High levels of ROS have been shown to be associated with the activation of apoptosis and fibrosis in LV hypertrophy (34). In the previously mentioned study (34) of LV hypertrophy in TAC mice, treatment with EUK-8 prevented fibrosis and cardiomyocyte apoptosis, particularly in a mutant mouse with reduced endogenous capacity for scavenging of mitochondrial free radicals. Although fibrosis is not consistently observed in the MCT-model (14), we found significant interstitial fibrosis in the hypertrophic RV, in agreement with other studies (9, 16, 21). Furthermore, the observed effect of EUK-134 treatment on the level of fibrosis (Fig. 6) indicates that matrix remodeling is also in the overloaded RV at least in part dependent on increased ROS levels, confirming the earlier proposed role of ROS-dependent activation of matrix metalloproteinases in PAH-induced RV remodeling (35). Similarly, our data confirm the suggested role of ROS in the activation of proapoptotic pathways in the hypertrophic RV (2, 8, 28). ROS are known to activate such pathways in cardiomyocytes (1), and their upregulation together with downregulation of antiapoptotic Bcl-2 has been shown in PAH-induced RV failure (2, 8) and also shown to be associated with cardiomyocyte apoptosis and the upregulation of cyclin D1 (8). The observed increased levels of Mfn-2 mRNA (Fig. 4C) corroborated a role of ROS, since Mfn-2 expression is stimulated by oxidative stress and triggers cardiomyocyte apoptosis through the activation of the mitochondrial cell death pathway (31). Finally, EUK-134 treatment largely prevented the upregulation of Mfn-2 and cyclin D1 expression in the CHF group, indicating a causal relationship between ROS and cardiomyocyte apoptosis. Although we did not quantify apoptosis, our morphological data suggest that EUK-134 treatment may indeed have prevented myocyte loss in the hypertrophic RV. RV wall thickness was increased by ∼37% in the CHF and CHF + EUK-134 groups relative to control groups (Table 1), and end-diastolic dimensions were also similarly increased in both groups (Fig. 2). In line with the degree of hypertrophy, the average cardiomyocyte CSA was increased by ∼32% in the CHF + EUK-134 group, whereas the CSA was significantly higher in the untreated group (Fig. 5), indicative of a lower number of cardiomyocytes in the RV of the CHF group compared with the EUK-134-treated group.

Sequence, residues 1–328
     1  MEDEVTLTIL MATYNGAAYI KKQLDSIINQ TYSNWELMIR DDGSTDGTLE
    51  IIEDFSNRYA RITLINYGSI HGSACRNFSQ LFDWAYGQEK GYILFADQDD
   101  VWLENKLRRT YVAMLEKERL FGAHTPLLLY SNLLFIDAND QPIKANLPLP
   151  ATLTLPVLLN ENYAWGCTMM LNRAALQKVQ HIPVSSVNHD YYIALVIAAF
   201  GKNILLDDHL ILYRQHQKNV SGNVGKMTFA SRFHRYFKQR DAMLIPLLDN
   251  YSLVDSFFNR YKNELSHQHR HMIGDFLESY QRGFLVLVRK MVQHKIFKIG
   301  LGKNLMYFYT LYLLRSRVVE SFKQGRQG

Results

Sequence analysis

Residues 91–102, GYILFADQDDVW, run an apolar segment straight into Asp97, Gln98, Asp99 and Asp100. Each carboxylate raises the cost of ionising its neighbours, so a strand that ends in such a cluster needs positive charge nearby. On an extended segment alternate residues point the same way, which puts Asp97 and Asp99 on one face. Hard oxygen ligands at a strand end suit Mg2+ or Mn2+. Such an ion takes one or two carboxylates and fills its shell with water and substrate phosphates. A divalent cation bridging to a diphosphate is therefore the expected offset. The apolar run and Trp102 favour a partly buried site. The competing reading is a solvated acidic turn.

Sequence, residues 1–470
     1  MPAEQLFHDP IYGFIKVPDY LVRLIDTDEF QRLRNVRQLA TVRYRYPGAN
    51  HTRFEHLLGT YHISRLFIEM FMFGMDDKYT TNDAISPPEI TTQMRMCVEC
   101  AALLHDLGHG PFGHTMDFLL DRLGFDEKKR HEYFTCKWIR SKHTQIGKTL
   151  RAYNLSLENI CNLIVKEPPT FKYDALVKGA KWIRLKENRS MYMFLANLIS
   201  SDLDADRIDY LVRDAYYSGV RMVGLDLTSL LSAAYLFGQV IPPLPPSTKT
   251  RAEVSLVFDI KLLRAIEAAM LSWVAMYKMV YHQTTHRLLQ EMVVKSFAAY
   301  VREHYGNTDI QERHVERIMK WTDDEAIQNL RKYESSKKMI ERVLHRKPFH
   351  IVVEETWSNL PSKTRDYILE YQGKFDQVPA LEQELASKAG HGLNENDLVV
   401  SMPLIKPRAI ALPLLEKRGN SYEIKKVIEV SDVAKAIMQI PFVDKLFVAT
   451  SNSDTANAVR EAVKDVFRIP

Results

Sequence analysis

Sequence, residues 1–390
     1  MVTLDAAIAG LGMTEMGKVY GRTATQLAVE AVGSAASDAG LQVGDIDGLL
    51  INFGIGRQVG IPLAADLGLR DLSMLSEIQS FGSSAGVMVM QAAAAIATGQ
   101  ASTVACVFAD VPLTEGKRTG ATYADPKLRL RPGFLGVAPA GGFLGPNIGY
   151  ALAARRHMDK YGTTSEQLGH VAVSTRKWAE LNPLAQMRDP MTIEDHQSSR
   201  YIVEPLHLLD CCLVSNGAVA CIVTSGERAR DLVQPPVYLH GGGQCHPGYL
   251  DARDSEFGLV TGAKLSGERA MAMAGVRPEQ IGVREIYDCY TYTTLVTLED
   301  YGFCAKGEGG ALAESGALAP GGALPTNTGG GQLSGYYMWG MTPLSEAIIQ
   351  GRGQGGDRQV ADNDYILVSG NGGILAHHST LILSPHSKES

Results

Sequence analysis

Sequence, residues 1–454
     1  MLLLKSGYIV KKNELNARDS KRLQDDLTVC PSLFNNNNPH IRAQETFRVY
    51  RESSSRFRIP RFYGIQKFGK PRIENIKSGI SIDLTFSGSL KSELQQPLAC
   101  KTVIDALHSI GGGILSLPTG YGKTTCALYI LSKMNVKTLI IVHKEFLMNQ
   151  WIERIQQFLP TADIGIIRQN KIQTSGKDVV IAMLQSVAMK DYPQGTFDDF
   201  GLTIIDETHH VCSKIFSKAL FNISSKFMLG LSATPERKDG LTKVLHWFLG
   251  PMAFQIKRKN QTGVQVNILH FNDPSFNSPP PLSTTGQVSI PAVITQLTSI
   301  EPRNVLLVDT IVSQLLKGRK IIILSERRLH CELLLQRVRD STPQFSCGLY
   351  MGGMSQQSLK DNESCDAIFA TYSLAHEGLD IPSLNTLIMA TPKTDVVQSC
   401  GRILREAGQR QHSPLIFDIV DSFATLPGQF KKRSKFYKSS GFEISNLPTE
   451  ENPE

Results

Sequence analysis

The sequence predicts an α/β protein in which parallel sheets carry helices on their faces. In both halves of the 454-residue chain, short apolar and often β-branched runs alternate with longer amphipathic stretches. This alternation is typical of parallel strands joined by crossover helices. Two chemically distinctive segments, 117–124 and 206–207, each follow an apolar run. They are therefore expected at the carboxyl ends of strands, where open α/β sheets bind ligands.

Clinical perspectives.

Current treatment options of PAH are largely targeted at reducing pathological vascular remodeling. Although improvement of clinically relevant end points is achieved with various pharmacological strategies, there is no cure for PAH, and RV failure is often the fatal complication as the disease progresses. The present study shows, for the first time, a critical role for oxidative stress in the onset of RV hypertrophy and the subsequent development of contractile dysfunction in a model of PAH. With the current dose of EUK-134 of 25 mg/kg given every 2 days, scavenging of cardiomyocyte ROS diminished myocyte hypertrophy, fibrosis, and possibly apoptosis and largely preserved systolic function in the pressure-overloaded RV. The present data show the potential benefit of the EUK class of salen-manganese complexes as a complementary therapy in the treatment of PAH, particularly in the early stages of the disease.


Part of the experiments were performed on a magnetic resonance scanner funded by The Netherlands Organization for Scientific Research.


No conflicts of interest are declared by the author(s).


The authors thank Dr. Leon de Windt for the helpful suggestions concerning the design of the study. The authors also thank Nicky Boontje for optimizing the Oxyblot procedures.


  • 1 Supplemental Material for this article is available online at the American Journal of Physiology-Heart and Circulatory Physiology website.


  1. 1.
  2. 2.
  3. 3.
  4. 4.
  5. 5.
  6. 6.
  7. 7.
  8. 8.
  9. 9.
  10. 10.
  11. 11.
  12. 12.
  13. 13.
  14. 14.
  15. 15.
  16. 16.
  17. 17.
  18. 18.
  19. 19.
  20. 20.
  21. 21.
  22. 22.
  23. 23.
  24. 24.
  25. 25.
  26. 26.
  27. 27.
  28. 28.
  29. 29.
  30. 30.
  31. 31.
  32. 32.
  33. 33.
  34. 34.
  35. 35.
  36. 36.
  37. 37.
  38. 38.
  39. 39.
  40. 40.
  41. 41.
View Abstract